The American public is displaying its independent streak. Critics of testing will take no comfort from the findings of the 2015 Education Next poll—but neither will supporters of the Common Core State Standards, school choice, merit pay, or tenure reform. The unions will not like the public’s view on their demands that nonmembers contribute financially to their activities. Teachers will be unhappy to hear that public enthusiasm for increasing teacher pay falls through the floor when people are told current salary levels and asked if they are willing to pay additional taxes for that purpose. The Obama administration will be equally unhappy to hear what both teachers and the public think about its proposals to require similar student suspension and expulsion rates across racial and ethnic groups.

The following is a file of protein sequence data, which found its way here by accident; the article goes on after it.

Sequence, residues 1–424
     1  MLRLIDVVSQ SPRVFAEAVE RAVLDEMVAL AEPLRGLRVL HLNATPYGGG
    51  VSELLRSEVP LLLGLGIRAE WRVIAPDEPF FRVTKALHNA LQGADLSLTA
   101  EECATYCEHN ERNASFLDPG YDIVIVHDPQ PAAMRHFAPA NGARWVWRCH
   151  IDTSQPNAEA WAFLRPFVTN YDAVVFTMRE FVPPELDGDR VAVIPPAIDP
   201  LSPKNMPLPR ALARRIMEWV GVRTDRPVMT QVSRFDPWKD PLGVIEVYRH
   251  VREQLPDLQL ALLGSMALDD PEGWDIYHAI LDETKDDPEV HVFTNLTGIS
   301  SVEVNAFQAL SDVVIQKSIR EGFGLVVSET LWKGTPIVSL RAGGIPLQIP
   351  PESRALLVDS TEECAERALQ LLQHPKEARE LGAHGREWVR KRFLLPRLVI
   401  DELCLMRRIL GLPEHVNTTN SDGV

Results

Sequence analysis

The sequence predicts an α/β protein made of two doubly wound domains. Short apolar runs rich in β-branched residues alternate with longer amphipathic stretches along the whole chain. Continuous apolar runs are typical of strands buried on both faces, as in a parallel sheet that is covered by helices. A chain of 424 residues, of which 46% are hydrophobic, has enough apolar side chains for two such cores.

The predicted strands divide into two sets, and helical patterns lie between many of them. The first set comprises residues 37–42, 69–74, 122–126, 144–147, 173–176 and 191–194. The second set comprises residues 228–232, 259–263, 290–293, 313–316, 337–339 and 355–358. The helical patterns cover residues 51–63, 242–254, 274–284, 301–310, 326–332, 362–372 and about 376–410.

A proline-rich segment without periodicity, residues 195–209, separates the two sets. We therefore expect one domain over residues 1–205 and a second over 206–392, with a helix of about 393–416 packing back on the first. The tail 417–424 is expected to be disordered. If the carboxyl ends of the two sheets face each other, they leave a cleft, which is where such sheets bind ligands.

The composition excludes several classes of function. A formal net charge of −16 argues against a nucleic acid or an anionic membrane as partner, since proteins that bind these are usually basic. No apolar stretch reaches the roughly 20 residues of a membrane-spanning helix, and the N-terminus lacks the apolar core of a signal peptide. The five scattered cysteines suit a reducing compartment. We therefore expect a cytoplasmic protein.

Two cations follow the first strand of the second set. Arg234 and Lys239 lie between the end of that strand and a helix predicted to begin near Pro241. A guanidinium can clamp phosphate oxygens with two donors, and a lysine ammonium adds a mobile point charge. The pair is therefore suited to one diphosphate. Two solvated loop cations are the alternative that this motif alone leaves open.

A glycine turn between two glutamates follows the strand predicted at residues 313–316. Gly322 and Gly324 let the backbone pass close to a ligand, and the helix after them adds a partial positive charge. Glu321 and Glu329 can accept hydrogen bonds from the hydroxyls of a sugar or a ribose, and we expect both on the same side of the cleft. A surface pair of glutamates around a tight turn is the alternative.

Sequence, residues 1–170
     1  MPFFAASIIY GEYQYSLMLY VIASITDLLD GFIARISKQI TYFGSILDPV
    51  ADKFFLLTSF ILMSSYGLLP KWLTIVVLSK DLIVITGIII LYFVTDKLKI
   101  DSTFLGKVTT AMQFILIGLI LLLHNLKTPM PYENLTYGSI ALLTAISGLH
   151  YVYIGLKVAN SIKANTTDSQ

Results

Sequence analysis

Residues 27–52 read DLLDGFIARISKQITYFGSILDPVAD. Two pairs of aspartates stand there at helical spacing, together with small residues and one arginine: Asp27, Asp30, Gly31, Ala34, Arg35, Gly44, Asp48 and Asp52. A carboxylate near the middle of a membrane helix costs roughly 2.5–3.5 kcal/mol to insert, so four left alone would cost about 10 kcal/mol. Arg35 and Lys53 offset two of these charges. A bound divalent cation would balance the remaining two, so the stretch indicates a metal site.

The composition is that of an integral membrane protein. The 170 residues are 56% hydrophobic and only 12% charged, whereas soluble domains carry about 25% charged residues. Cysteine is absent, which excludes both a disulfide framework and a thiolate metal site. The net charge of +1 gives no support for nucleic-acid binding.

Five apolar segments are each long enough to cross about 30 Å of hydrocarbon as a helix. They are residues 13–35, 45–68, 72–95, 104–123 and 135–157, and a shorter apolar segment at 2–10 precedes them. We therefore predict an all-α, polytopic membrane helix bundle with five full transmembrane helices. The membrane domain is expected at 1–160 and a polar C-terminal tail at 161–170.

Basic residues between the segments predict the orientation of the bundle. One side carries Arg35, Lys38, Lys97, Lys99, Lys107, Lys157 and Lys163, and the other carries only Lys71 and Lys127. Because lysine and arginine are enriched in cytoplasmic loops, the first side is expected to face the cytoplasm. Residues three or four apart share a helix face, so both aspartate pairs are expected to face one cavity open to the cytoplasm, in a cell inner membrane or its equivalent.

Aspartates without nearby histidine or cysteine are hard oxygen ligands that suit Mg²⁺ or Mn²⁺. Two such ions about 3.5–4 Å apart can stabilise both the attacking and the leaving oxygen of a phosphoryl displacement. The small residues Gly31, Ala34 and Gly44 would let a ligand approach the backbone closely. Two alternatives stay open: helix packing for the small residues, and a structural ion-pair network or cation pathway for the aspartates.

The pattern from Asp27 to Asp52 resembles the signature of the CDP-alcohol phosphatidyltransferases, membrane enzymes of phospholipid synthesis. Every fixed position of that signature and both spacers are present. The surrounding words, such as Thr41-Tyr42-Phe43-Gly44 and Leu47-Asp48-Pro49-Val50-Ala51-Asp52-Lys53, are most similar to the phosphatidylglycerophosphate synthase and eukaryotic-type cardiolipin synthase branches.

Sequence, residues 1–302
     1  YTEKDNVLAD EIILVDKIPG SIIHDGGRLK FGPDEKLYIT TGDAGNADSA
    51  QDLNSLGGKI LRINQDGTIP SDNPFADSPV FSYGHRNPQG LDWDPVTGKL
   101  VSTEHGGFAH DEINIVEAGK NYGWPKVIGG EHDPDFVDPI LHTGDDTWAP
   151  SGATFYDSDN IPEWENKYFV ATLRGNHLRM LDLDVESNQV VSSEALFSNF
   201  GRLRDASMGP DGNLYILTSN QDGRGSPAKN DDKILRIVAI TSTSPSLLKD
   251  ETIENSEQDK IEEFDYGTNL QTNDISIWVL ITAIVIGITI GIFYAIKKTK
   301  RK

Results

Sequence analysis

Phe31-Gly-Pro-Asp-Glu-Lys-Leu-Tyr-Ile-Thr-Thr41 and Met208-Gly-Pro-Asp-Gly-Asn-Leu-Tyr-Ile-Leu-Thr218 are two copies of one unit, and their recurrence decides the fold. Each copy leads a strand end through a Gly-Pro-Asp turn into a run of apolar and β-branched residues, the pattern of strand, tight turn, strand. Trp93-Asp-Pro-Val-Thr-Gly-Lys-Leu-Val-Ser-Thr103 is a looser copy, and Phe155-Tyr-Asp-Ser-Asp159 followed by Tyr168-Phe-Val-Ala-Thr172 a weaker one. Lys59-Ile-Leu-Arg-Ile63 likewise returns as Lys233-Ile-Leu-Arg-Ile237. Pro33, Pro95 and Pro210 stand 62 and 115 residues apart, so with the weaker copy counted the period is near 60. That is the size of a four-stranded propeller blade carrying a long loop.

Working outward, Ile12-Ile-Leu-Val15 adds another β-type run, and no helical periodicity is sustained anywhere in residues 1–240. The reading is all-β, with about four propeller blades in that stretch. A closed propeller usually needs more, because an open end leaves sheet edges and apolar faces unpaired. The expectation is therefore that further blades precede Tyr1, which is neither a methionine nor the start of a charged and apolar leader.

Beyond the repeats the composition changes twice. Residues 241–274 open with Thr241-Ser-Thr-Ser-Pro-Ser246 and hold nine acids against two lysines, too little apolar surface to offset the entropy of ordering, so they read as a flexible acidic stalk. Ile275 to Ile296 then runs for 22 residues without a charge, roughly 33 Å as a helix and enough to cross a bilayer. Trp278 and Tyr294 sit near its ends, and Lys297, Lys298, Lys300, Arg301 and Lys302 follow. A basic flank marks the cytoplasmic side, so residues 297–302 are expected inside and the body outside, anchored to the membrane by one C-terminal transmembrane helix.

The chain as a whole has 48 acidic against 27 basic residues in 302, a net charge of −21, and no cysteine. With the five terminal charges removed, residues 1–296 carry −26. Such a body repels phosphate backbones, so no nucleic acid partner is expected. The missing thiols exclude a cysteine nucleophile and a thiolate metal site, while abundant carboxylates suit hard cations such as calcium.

These are among the many findings to emerge from the ninth annual Education Next survey, administered in May and June 2015 to a nationally representative sample of some 4,000 respondents, including oversamples of roughly 700 teachers, 700 African Americans, and 700 Hispanics (see methodology sidebar). The large number of survey respondents enabled us to ask alternative questions on the same topic in order to determine the sensitivity of opinion to new information and particular wording. We also posed many new questions in 2015, allowing us to explore opinion on curricular and other issues that have never before been examined in a nationally representative survey of the American public. Results from the full survey are available here, and click here for a graphic display of most findings.